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    ABSTRACT: Botrytis cinerea, the main pathogen of strawberry, has the ability to remain quiescent in unripe tissue and develop disease symptoms in ripe fruit. As strawberry ripening is characterized by an increase of aroma compounds, the role of volatile emission in the development of infection was investigated. Thirty-five strawberry volatile organic compounds (VOCs) were tested on B. cinerea in vitro and volatile emission was analysed in strawberry harvested at four ripening stages by headspace solid-phase microextraction/gas chromatography-mass spectrometry and proton transfer reaction- time of flight-mass spectrometry. The coupling of such datasets made it possible to conclude that key strawberry aroma compounds stimulate B. cinerea conidial germination and some typical wound-volatiles stimulate pathogen’ conidial germination or mycelial growth. This study is the first report of fungal stimulation by some VOCs naturally occurring in strawberry: the esters ethyl butanoate, cis-3-hexenyl acetate, trans-2-hexenyl acetate, methyl butanoate and hexyl butanoate, the furanones furaneol and mesifurane, and the alcohol trans-2-hexenol. The results of our work provide advances in understanding the functional role of fruit VOCs and suggest for the first time that fruit VOCs may influence the resuming of B. cinerea from the latent phase and that they could favour the invasive growth of B. cinerea after wounding. In particular, ethyl butanoate and furaneol could signal strawberry ripening, and the green leaf volatiles trans-2-hexenol, trans 2-hexenyl acetate and cis-3-hexenyl acetate could signal the presence of damaged tissues, that are easier sites for penetration by B. cinerea.This article is protected by copyright. All rights reserved.
    Full-text · Article · Aug 2014 · Plant Pathology
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    • "In case of activation of the GPCR, a conformational change of the receptor results in an exchange of GDP for GTP at the G alpha subunit. The active G alpha subunit dissociates from the tightly bound G beta gamma dimer and both are impacting their effectors to affect regulatory pathways of secondary messengers [16, 17]. "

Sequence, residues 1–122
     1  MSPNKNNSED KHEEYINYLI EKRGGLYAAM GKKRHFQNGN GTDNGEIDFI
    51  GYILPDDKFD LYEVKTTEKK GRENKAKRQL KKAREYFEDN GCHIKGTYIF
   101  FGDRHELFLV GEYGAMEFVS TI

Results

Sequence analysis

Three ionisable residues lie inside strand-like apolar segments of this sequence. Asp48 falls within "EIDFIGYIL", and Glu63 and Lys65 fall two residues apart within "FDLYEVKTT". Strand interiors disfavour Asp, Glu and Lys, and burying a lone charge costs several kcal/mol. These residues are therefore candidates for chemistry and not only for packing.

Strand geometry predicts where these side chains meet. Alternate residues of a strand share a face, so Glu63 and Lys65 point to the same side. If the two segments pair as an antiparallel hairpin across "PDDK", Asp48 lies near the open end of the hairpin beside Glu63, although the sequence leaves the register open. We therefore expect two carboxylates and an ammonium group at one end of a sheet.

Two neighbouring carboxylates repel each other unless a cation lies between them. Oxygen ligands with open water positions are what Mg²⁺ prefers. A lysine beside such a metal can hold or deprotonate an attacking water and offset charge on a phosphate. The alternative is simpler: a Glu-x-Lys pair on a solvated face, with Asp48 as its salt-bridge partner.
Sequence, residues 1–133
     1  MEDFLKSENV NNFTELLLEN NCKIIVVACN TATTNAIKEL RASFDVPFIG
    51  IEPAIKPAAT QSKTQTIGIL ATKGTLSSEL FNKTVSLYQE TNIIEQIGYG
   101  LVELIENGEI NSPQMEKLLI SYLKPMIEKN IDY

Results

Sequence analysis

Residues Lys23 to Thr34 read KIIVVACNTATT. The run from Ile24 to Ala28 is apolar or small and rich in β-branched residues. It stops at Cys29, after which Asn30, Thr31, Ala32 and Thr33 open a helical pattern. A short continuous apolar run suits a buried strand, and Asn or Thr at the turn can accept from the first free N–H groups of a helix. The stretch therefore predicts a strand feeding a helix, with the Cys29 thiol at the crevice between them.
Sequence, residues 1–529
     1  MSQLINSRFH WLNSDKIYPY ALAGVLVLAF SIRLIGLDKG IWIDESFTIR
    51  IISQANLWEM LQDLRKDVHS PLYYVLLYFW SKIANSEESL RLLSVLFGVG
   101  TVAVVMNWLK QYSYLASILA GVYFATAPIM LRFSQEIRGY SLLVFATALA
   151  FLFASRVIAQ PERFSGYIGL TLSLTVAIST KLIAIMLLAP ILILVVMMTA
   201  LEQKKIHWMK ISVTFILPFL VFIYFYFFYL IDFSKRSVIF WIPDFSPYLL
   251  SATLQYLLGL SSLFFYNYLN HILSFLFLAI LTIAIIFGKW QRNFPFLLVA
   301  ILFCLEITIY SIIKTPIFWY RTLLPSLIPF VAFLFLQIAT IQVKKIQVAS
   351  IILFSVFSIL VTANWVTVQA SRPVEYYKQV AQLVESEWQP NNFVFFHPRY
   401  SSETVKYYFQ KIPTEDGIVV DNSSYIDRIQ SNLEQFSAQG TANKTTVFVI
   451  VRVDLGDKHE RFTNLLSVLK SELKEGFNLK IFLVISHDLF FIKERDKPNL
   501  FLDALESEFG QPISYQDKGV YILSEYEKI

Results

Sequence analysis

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    ABSTRACT: Background Crosstalk between the signalling pathways responding to light–dark cycles and those triggering the adaptation of metabolism to the environment is known to occur in various organisms. This interrelationship of light response and nutrient sigalling is crucial for health and fitness. The tropical ascomycete Trichoderma reesei (syn. Hypocrea jecorina) represents one of the most efficient plant cell wall degraders. Regulation of the enzymes required for this process is affected by nutritional signals as well as other environmental signals including light. Therefore we aimed to elucidate the interrelationship between nutrient and light signaling and how the light signal is transmitted to downstream pathways. Results We found that the targets of the light regulatory protein ENV1 in light show considerable overlap with those of the heterotrimeric G-protein components PhLP1, GNB1 and GNG1. Detailed investigation of a regulatory interrelationship of these components with ENV1 under conditions of early and late light response indicated a transcriptional mutual regulation between PhLP1 and ENV1, which appears to dampen nutrient signalling during early light response, presumably to free resources for protective measures prior to adaptation of metabolism to light. Investigating the downstream part of the cascade we found support for the hypothesis that ENV1 is necessary for cAMP mediated regulation of a considerable part of the core functions of the output pathway of this cascade, including regulation of glycoside hydrolase genes and those involved in nitrogen, sulphur and amino acid metabolism. Conclusions ENV1 and PhLP1 are mutual regulators connecting light signaling with nutrient signaling, with ENV1 triggering the output pathway by influencing cAMP levels. Electronic supplementary material The online version of this article (doi:10.1186/1471-2164-15-425) contains supplementary material, which is available to authorized users.
    Full-text · Article · Jun 2014 · BMC Genomics